Note: This entire study is done based uniquely on the 2023 Open and Quarterfinals. The athletes competing would not have known about this study, and therefore may have put in varying levels of effort. The same can be said for the current Open to QFs to SFs process. 

We acknowledge that because we are applying a study to a group of athletes who did not know we would be doing so, it does have the potential to skew the results. However, in changing as little as we could, we wanted to run a test to see what it would look like to use only this year’s field of athletes, compared to each other, to assess the competitive lay of the land.


Every stage of the CrossFit season is unique, and yet, all the qualifying stages should also have one thing in common. They should be a vetting stage for the next round. 

  • The Open should be testing a baseline of strength, skills and capacity that will be necessary for Quarterfinals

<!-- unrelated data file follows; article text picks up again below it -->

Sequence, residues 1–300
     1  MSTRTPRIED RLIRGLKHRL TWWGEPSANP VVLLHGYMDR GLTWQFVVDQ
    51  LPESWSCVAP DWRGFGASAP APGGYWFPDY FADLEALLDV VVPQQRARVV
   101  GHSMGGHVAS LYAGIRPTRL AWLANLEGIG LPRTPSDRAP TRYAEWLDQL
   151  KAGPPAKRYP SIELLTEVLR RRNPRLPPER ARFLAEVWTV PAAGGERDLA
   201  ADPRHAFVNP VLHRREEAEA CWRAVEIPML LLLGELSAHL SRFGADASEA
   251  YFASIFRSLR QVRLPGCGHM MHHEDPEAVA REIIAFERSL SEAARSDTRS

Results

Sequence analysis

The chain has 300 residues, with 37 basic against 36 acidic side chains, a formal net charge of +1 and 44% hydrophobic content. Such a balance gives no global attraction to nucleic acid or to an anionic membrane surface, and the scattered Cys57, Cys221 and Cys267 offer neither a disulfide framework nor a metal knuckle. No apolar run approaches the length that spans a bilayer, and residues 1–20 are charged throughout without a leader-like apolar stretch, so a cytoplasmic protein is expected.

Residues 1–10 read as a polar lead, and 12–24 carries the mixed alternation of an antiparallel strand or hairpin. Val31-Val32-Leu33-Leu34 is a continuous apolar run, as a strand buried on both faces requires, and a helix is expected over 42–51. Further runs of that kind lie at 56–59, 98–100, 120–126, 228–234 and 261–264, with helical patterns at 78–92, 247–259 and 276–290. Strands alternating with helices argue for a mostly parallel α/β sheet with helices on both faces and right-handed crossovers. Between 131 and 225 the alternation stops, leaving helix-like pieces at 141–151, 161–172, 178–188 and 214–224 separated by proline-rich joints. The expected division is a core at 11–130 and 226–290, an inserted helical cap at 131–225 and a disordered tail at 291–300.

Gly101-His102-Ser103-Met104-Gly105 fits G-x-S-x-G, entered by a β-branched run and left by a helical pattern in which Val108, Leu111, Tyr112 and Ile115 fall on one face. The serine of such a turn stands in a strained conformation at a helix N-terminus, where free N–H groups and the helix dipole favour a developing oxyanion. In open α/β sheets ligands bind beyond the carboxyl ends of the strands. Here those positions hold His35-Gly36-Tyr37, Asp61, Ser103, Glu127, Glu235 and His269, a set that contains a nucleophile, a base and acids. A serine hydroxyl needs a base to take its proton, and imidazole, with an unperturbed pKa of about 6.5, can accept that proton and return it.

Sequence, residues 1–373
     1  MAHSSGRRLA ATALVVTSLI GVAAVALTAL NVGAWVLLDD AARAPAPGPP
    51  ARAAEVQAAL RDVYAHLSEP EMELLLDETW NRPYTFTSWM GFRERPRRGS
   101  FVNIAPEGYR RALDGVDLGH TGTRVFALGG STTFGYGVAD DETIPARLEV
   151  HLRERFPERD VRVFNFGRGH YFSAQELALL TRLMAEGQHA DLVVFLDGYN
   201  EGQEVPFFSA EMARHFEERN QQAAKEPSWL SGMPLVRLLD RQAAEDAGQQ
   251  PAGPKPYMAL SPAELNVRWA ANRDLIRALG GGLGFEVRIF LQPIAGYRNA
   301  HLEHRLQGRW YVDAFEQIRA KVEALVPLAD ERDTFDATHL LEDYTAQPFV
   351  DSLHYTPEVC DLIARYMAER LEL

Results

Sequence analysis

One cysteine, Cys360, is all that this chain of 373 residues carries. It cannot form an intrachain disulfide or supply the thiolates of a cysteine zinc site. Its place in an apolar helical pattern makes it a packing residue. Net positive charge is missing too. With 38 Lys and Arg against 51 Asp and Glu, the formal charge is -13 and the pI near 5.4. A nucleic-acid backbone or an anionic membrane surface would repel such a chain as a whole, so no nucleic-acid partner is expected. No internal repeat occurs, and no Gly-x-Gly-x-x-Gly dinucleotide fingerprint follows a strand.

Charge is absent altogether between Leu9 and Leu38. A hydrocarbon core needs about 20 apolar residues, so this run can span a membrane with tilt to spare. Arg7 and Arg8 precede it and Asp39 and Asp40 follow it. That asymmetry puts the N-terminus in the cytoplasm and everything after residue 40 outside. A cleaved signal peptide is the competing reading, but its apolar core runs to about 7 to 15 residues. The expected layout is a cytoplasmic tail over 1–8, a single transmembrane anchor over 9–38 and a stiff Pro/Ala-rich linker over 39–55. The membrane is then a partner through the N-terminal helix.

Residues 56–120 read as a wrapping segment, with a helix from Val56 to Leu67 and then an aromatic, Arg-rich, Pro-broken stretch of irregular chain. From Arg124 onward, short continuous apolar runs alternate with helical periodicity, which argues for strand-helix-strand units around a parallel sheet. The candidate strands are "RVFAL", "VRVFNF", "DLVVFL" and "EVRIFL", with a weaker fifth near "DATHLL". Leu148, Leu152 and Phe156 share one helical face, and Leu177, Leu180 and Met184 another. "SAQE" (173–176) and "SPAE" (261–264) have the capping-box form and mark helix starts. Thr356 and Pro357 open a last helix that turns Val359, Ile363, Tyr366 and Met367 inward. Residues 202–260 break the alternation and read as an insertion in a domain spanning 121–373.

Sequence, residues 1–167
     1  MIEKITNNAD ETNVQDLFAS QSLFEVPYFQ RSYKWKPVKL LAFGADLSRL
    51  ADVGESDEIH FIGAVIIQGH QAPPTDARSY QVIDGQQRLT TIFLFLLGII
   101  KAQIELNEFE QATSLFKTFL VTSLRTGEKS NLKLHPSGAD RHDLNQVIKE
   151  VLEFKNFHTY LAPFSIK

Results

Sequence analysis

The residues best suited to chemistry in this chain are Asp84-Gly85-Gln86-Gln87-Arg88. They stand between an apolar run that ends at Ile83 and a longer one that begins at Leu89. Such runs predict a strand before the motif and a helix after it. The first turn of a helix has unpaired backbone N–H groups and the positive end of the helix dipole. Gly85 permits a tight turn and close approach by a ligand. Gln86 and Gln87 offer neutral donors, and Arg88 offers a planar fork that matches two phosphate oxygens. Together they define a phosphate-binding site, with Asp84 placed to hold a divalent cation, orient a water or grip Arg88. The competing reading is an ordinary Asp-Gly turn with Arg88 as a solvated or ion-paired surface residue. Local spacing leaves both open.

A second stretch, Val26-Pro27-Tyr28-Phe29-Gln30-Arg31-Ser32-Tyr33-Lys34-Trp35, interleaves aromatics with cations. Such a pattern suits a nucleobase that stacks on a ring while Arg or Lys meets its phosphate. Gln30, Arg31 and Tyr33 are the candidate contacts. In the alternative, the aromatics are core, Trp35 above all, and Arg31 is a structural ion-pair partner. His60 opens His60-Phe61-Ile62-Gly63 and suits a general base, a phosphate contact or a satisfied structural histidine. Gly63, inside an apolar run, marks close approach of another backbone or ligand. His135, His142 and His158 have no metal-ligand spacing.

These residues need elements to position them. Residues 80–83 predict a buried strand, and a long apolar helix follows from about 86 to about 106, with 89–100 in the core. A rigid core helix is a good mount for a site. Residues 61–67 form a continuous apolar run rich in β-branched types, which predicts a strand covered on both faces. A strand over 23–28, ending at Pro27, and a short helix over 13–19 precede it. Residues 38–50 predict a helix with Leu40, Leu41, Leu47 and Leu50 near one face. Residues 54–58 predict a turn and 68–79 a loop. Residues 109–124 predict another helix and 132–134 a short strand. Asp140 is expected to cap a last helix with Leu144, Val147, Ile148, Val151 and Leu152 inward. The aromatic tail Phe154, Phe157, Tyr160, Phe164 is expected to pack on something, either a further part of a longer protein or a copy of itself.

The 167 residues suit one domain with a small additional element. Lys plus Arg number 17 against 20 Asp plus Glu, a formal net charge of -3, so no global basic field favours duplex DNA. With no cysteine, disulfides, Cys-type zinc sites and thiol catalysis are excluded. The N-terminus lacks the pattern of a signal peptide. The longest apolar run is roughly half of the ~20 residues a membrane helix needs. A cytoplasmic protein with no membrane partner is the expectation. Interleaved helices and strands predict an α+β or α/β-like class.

• The Quarterfinals should be doing that for Semifinals
  • And the Semifinals should be doing that for the Games

Whether that is actually something Adrian Bozman and his team consider is unclear. We saw a large percentage of athletes advance from the Open to Quarterfinals this year that were clearly (based on their Open performances) not qualified to be taking the tests presented in Quarterfinals

So, we introduce the 15% Threshold: in order to qualify for Quarterfinals athletes must finish in the top 15% worldwide on EVERY Open test against the field of PARTICIPATING athletes.